For 4 cycles:
AMRAP in 3 mins of:
8 Kettlebell Swings, 53/35 lbs
12 Single Arm Kettlebell Front Rack Walking Lunges, 53/35 lbs
Rest 1 min between each cycle.

For each cycle restart the AMRAP.

***Reminder***
We will be hosting a CrossFit Level 1 Seminar this weekend, there will be a 8 am Park WOD (Jane Steele/Hamilton Street Park) on Saturday. The gym will be closed Sunday.

Andrey DB.JPG

How are you motivated? What appeals to your ear?

I watch a lot of CrossFit videos. Like, a lot. And some of my favorite videos are montages or motivational collections that showcase people in the gym setting encouraging others to do better. I mean, you guys know me and you know how loud I can coach. And there's always a variety of different styles of verbal motivation they are seeing these videos. Obviously the ones where people are screaming at the top of their lungs to pick up the bar or keep going, are the ones that we're going to see a lot more. Because, I think, that raw energy and that excitement is what draws a lot people into the CrossFit setting.

But in all honesty, that's not me. I don't particularly enjoy being screamed at while I work out. :)


It really does nothing in a positive light for me personally. That isn't to say that I don't like to have someone encourage me verbally while I do a workout. Those who have judged me time and again during the Open have learned to do a great job of nudging me forward firmly but reasonably, using descriptive logic just enough to distract me from the pain.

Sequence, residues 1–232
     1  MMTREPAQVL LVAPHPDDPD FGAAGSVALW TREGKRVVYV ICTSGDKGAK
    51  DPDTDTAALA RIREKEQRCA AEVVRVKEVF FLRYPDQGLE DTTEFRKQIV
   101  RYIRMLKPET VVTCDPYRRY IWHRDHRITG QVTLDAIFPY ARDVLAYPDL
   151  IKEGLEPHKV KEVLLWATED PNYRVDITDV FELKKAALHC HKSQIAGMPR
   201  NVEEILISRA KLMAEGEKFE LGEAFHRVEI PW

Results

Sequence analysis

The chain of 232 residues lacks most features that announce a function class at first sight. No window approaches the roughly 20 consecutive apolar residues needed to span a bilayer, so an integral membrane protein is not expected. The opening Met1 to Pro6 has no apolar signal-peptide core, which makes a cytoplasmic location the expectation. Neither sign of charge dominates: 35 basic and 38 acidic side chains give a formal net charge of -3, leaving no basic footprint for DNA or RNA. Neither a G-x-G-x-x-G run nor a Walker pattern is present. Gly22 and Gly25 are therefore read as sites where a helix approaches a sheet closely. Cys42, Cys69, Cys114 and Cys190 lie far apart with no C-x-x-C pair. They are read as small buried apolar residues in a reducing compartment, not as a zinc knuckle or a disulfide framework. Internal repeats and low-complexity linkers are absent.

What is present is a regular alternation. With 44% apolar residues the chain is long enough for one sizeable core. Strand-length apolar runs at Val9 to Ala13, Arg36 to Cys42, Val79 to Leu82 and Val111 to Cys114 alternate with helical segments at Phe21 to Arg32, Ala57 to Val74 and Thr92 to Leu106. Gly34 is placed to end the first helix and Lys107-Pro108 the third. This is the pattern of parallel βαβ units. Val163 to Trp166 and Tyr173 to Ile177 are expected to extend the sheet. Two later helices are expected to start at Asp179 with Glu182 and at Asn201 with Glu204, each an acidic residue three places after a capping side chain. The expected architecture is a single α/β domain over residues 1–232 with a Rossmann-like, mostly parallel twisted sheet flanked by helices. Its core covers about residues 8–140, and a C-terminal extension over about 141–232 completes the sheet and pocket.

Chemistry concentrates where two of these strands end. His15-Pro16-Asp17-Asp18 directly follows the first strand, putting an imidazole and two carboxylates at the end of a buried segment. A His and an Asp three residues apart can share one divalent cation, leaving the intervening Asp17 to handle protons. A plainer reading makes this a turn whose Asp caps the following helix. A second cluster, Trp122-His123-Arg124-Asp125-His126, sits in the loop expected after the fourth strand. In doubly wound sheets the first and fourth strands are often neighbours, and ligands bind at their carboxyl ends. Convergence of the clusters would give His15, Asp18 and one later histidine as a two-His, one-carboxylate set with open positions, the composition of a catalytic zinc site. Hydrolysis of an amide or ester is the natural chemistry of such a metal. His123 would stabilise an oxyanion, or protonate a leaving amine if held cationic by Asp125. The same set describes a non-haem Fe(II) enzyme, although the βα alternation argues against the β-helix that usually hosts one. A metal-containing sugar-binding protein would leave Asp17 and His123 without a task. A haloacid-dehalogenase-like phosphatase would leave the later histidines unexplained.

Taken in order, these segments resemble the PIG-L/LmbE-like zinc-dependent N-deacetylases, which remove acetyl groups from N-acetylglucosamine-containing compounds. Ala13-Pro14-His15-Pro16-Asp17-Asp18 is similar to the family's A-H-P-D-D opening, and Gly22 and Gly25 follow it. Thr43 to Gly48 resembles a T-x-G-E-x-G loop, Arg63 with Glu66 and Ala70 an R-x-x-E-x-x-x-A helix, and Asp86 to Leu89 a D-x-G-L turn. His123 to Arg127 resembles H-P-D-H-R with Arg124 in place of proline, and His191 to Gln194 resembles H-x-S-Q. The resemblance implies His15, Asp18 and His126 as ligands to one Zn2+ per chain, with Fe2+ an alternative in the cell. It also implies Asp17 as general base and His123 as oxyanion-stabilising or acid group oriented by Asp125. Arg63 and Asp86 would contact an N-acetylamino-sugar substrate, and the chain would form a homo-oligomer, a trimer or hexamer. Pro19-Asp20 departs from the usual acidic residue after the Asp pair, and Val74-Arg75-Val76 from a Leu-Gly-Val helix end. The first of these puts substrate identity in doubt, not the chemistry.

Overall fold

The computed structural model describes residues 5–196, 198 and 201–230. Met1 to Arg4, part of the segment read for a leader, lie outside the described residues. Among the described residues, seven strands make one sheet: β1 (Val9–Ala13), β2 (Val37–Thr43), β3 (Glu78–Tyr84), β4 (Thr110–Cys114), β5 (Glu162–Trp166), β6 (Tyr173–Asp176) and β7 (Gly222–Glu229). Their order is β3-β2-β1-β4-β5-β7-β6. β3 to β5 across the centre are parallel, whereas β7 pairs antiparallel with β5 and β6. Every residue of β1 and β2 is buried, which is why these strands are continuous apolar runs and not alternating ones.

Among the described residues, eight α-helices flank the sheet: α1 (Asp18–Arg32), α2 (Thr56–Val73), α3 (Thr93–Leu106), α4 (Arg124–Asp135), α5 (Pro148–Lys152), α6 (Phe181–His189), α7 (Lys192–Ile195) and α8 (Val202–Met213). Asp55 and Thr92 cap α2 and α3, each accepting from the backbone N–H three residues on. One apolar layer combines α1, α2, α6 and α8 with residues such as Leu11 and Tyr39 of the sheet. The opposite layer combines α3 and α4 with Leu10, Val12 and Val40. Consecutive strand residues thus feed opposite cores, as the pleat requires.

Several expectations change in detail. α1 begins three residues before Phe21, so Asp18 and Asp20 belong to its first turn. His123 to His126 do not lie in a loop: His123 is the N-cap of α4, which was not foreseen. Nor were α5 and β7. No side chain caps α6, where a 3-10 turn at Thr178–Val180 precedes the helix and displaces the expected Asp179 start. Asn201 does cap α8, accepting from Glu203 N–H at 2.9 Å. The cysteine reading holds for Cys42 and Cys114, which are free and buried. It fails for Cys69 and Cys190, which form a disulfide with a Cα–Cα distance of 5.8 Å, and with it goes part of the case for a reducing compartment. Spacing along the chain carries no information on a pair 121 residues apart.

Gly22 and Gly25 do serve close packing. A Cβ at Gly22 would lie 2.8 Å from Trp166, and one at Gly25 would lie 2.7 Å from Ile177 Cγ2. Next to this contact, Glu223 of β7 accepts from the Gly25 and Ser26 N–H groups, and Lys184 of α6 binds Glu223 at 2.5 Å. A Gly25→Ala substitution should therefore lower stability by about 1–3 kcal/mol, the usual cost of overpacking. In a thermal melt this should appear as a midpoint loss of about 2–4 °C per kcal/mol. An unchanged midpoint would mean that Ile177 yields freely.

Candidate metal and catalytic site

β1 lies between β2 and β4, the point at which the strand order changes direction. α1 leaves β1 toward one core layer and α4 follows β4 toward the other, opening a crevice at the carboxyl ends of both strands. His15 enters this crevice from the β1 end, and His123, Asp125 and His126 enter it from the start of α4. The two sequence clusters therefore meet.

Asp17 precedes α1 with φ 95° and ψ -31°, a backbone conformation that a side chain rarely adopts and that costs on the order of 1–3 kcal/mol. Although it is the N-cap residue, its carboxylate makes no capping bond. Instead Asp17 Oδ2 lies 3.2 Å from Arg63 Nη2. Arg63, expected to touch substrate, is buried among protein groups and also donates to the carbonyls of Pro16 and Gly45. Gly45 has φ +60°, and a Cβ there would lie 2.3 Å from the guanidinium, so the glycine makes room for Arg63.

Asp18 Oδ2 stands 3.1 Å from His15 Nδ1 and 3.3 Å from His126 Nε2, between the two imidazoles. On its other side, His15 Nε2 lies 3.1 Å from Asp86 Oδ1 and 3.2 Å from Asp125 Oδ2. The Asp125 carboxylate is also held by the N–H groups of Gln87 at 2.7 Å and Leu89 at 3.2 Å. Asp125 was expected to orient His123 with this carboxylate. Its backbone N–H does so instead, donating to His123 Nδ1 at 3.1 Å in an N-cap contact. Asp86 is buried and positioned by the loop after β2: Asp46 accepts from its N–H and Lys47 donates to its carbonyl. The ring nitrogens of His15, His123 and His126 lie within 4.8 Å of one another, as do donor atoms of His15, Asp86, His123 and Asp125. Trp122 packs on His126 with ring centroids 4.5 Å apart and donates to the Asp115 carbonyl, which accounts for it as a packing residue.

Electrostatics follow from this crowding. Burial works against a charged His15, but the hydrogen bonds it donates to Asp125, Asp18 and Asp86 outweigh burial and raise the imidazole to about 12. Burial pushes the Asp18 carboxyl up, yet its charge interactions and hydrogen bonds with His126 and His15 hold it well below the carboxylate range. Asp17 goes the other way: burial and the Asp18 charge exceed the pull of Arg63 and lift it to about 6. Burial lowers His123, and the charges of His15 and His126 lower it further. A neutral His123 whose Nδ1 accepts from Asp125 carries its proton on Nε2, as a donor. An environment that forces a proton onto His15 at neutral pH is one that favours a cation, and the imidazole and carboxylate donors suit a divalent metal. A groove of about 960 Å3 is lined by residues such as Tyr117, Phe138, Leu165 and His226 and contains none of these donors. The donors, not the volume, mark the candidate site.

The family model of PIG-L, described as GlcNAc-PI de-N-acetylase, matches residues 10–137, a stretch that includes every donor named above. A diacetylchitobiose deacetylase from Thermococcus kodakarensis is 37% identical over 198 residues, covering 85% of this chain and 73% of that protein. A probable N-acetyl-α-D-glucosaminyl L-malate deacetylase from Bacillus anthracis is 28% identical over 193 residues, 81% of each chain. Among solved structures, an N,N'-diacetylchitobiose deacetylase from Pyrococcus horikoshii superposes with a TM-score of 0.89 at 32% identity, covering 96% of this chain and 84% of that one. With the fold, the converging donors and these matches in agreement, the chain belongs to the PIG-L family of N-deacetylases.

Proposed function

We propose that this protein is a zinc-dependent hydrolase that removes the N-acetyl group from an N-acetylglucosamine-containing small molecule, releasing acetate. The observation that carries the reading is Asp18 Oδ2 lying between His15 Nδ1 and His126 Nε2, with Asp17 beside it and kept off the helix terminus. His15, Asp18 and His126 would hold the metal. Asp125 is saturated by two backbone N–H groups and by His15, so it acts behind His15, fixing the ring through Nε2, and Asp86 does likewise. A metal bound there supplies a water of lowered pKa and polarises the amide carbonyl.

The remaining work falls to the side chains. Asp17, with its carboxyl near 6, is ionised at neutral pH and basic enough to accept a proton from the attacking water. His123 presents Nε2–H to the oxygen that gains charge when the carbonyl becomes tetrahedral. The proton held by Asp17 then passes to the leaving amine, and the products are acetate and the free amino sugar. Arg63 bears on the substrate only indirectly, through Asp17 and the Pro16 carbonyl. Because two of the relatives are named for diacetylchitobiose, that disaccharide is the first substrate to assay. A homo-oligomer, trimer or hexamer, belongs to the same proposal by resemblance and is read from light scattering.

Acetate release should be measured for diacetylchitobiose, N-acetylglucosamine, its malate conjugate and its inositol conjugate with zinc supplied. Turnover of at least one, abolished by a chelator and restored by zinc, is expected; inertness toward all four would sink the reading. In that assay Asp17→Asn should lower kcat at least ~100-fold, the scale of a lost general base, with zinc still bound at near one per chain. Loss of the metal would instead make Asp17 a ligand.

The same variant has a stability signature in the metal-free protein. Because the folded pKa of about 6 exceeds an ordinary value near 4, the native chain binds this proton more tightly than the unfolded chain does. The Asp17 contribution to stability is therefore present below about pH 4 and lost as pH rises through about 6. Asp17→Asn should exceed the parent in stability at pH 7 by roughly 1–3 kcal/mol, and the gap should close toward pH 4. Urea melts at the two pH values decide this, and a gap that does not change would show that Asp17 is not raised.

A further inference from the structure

"Just pick up the bar and get a set of 5."

"Good. Now take 1 quick breath and go again."

As opposed to:

"Don't be a bitch! Pick up the bar! What's your deal?!"

Now, to be fair, both of these are equally powerful motivational statements. The former is the message that I can handle hearing when it feels like my eyes are going to pop out of my nostrils. The latter of the two I'm already hearing in my head from my own voice. I don't  need someone else to tell me. For others however, that voice in our heads sometimes isn't enough. And for athletes who have grown up in a heavily competitive environment or ones who have potentially served in the military, the latter of the two statements will get a fire burning and they will be properly motivated in a very positive way.

The point that I'm trying to make with this today is that sometimes we don't know what kind of motivation helps people. We might think because of what we see of them in the gym  we'll assume that copious amounts of trash talk will be taking in stride and produce positive results. However, in reality it might be fueling a self-image which that athlete might already be suffering from. And people don't want to be told they're garbage if they already think that they're garbage.

Obviously, once you get a feel for an athlete and you get to know them you'll have a better understanding of how to properly motivate them. This, of course, can be done just by spending time in your community and getting to know the other athletes around you. 

So in short: Be kind, Be mindful and Be Helpful. Thanks guys:)

Cheers 

Coach Calvin